How Industrial IoT can Help Improve Energy Efficiency in Manufacturing
“How can connectivity help with efficiency in manufacturing?”
The digital revolution of the Internet of Things is transforming everything in its wake, and manufacturing is no exception. With increased connectivity, automation can be made much more efficiency, therefore reducing energy consumption used and greenhouse gas emissions generated. This is just a small example of How Industrial IoT can Help Improve Energy Efficiency in Manufacturing.
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“Can we recycle batteries?”
Once used up, batteries are thought to be gone for good. This idea especially compounded since their hazardous composition makes them banned from normal municipal waste. However, if we use our engineering mindsets, then we can know that some of the parts can actually be reused, especially the plastic and chemicals used.
How Additive Manufacturing Can Help With Sustainability
“Can Additive Manufacturing help fight Climate Change?”
Additive manufacturing is any maker’s dream. But did you know that it could also help fight global warming? Well, because additive manufacturing makes items by adding layer upon layer of material, it is not limited by traditional manufacturing processes. Therefore, less material can be used, and slimmer, more efficient designs can be achieved. As a result, manufacturing will become less resource intensive, and carbon emissions can be reduced.
“How can we use statistics to describe industrial quality?”
Even with the most perfect manufacturing processes, flaws are expected to happen during production. As such, we need a way to quantify how stable a given industrial output is. So how can we use our engineering mindset to solve this? Well, we know that if an item’s measurements become three standard levels of deviations outside of the mean, then it is probably unusable. So what if we were to create a chart that would graph the average of all measurements for each part with along with the mean and the tolerance levels so we can visually see anything out of the ordinary? Well, this is called an X-bar Chart and the control limits can be calculated by the formula UCL/LCL = (mean of all measurements) +/- 3*(standard deviation of all measurements)/sqrt(number of measurements per sample).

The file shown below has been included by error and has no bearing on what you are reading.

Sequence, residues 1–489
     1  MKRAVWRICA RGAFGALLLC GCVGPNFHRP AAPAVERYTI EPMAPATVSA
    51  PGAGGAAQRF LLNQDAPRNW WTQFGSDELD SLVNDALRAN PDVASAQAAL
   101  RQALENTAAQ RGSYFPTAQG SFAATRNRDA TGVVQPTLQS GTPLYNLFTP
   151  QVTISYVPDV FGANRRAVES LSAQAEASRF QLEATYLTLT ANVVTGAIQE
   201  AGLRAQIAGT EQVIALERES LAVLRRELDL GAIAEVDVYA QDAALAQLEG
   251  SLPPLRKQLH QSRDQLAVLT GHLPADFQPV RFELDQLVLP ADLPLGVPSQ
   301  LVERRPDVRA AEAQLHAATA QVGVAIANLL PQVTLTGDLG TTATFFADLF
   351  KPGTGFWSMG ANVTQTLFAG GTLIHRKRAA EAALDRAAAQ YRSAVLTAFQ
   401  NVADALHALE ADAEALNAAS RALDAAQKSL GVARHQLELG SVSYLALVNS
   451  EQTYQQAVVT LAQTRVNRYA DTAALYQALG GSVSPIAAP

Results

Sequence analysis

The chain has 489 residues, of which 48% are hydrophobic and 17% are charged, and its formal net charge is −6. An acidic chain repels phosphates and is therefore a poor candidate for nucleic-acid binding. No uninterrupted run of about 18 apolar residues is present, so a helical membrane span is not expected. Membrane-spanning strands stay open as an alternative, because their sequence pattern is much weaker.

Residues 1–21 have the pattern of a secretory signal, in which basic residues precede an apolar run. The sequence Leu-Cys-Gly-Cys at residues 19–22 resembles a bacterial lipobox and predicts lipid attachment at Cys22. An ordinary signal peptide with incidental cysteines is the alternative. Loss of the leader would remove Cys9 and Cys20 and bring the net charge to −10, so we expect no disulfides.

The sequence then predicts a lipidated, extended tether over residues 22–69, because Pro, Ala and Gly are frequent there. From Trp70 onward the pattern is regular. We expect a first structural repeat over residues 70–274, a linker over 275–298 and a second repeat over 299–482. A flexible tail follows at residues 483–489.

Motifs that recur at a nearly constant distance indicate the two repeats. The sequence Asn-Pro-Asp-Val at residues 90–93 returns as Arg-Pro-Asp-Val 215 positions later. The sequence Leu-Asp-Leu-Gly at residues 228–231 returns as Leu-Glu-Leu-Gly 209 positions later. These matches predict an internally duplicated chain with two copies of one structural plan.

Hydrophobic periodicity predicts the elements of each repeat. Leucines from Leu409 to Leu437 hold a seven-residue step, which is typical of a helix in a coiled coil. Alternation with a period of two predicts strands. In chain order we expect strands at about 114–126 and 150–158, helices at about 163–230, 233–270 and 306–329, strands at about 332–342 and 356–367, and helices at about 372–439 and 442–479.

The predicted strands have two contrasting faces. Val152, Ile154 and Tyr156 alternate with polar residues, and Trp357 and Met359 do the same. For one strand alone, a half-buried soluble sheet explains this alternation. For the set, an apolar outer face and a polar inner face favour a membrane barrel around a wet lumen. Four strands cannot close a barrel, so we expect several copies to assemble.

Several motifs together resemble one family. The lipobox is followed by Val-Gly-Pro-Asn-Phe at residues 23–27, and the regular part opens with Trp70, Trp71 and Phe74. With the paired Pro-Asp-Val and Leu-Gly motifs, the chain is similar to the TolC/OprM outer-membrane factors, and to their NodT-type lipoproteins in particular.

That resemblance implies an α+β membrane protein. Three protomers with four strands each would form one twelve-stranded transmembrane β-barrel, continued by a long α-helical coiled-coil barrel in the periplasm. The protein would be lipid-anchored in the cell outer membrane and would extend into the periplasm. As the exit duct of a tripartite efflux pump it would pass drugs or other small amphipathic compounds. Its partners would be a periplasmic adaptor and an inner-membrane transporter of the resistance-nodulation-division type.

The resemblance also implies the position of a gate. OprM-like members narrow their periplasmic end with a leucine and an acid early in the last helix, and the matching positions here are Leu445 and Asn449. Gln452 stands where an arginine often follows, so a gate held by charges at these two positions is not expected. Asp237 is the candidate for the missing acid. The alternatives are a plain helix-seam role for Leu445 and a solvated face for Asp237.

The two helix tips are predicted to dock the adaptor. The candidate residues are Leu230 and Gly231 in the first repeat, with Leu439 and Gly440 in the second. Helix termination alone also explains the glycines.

Fault Detection and Diagnosis
“How can we monitor a facility for component breakdowns?”
When running industrial facilities, components are very prone to failure, which can cause large amounts of money and energy to be wasted. So how can we make sure that these facilities are protected from such failures? Well, what if we were to implement a network of sensors that would collect data from a facility, which would then be parsed through algorithms. If any of this data finds any strange patterns, it can sort out the underlying cause and solve any issues. This technology is known as Fault Detection and Diagnosis and is one of the most fascinating facets of industrial operations management.
“What if we quantified all of the energy used to create an item?”
In order to create a product, energy is required whether it be in the manufacturing process or in transportation logistics. One commonly used way to quantify this is through Life-cycle assessment. But what if we simply want to obtain a direct measurement of all of the energy used in a product? Well, this would simply entail summing up each part to create what engineers call the total embodied energy!
Cradle to Gate Life-Cycle Assessments
“How can we analyze the portion of the lifecycle of a product?”
Life-cycle assessments are done on projects to determine their total impact upon the environment. However, sometimes we may only want to know the impact of a portion of their life, specifically from resource extraction up until it leaves the factory. One way to accomplish this is to use something known as a cradle to gate life-cycle assessment. This process is very useful for manufacturers to determine what their contribution to climate change is.